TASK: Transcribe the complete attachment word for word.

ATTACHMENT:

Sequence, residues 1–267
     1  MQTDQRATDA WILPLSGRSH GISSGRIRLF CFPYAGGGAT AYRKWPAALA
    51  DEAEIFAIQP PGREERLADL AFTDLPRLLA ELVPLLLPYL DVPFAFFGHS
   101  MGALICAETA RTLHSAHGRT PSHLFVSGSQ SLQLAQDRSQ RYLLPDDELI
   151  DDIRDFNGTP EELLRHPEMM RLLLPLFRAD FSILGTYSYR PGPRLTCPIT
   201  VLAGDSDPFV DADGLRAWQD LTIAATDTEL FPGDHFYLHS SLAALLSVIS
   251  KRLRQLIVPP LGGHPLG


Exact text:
Sequence, residues 1–267
     1  MQTDQRATDA WILPLSGRSH GISSGRIRLF CFPYAGGGAT AYRKWPAALA
    51  DEAEIFAIQP PGREERLADL AFTDLPRLLA ELVPLLLPYL DVPFAFFGHS
   101  MGALICAETA RTLHSAHGRT PSHLFVSGSQ SLQLAQDRSQ RYLLPDDELI
   151  DDIRDFNGTP EELLRHPEMM RLLLPLFRAD FSILGTYSYR PGPRLTCPIT
   201  VLAGDSDPFV DADGLRAWQD LTIAATDTEL FPGDHFYLHS SLAALLSVIS
   251  KRLRQLIVPP LGGHPLG